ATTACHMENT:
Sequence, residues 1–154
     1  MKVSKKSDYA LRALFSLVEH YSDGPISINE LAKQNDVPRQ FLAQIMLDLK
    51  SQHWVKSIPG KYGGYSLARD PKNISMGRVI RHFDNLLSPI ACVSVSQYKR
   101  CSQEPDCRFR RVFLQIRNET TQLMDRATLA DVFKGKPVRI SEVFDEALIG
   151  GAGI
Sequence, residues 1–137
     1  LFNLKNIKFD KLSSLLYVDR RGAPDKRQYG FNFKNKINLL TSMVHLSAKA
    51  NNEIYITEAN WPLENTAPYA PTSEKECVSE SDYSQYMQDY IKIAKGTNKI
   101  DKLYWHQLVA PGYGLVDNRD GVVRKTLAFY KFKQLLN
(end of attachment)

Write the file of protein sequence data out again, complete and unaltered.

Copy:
Sequence, residues 1–154
     1  MKVSKKSDYA LRALFSLVEH YSDGPISINE LAKQNDVPRQ FLAQIMLDLK
    51  SQHWVKSIPG KYGGYSLARD PKNISMGRVI RHFDNLLSPI ACVSVSQYKR
   101  CSQEPDCRFR RVFLQIRNET TQLMDRATLA DVFKGKPVRI SEVFDEALIG
   151  GAGI
Sequence, residues 1–137
     1  LFNLKNIKFD KLSSLLYVDR RGAPDKRQYG FNFKNKINLL TSMVHLSAKA
    51  NNEIYITEAN WPLENTAPYA PTSEKECVSE SDYSQYMQDY IKIAKGTNKI
   101  DKLYWHQLVA PGYGLVDNRD GVVRKTLAFY KFKQLLN